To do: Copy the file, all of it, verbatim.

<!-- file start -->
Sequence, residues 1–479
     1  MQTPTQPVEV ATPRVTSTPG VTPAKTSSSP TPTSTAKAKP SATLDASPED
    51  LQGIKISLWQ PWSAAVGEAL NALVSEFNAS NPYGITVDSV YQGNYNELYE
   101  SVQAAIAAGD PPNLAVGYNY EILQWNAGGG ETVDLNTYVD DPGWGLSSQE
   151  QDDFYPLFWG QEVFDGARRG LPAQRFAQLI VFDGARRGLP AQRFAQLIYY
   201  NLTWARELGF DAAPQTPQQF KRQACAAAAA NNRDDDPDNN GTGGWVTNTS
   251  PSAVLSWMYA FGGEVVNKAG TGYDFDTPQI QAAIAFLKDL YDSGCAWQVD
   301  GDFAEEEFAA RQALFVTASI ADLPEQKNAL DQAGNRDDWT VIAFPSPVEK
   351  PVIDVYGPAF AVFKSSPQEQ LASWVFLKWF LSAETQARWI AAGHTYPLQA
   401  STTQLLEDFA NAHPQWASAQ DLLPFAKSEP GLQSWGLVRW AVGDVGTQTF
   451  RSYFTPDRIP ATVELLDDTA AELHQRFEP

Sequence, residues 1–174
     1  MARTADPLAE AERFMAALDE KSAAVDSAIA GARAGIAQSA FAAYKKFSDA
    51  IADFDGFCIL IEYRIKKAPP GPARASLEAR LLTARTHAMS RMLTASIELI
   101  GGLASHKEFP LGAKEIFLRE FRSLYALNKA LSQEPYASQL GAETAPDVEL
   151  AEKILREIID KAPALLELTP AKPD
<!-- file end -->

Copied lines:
Sequence, residues 1–479
     1  MQTPTQPVEV ATPRVTSTPG VTPAKTSSSP TPTSTAKAKP SATLDASPED
    51  LQGIKISLWQ PWSAAVGEAL NALVSEFNAS NPYGITVDSV YQGNYNELYE
   101  SVQAAIAAGD PPNLAVGYNY EILQWNAGGG ETVDLNTYVD DPGWGLSSQE
   151  QDDFYPLFWG QEVFDGARRG LPAQRFAQLI VFDGARRGLP AQRFAQLIYY
   201  NLTWARELGF DAAPQTPQQF KRQACAAAAA NNRDDDPDNN GTGGWVTNTS
   251  PSAVLSWMYA FGGEVVNKAG TGYDFDTPQI QAAIAFLKDL YDSGCAWQVD
   301  GDFAEEEFAA RQALFVTASI ADLPEQKNAL DQAGNRDDWT VIAFPSPVEK
   351  PVIDVYGPAF AVFKSSPQEQ LASWVFLKWF LSAETQARWI AAGHTYPLQA
   401  STTQLLEDFA NAHPQWASAQ DLLPFAKSEP GLQSWGLVRW AVGDVGTQTF
   451  RSYFTPDRIP ATVELLDDTA AELHQRFEP

Sequence, residues 1–174
     1  MARTADPLAE AERFMAALDE KSAAVDSAIA GARAGIAQSA FAAYKKFSDA
    51  IADFDGFCIL IEYRIKKAPP GPARASLEAR LLTARTHAMS RMLTASIELI
   101  GGLASHKEFP LGAKEIFLRE FRSLYALNKA LSQEPYASQL GAETAPDVEL
   151  AEKILREIID KAPALLELTP AKPD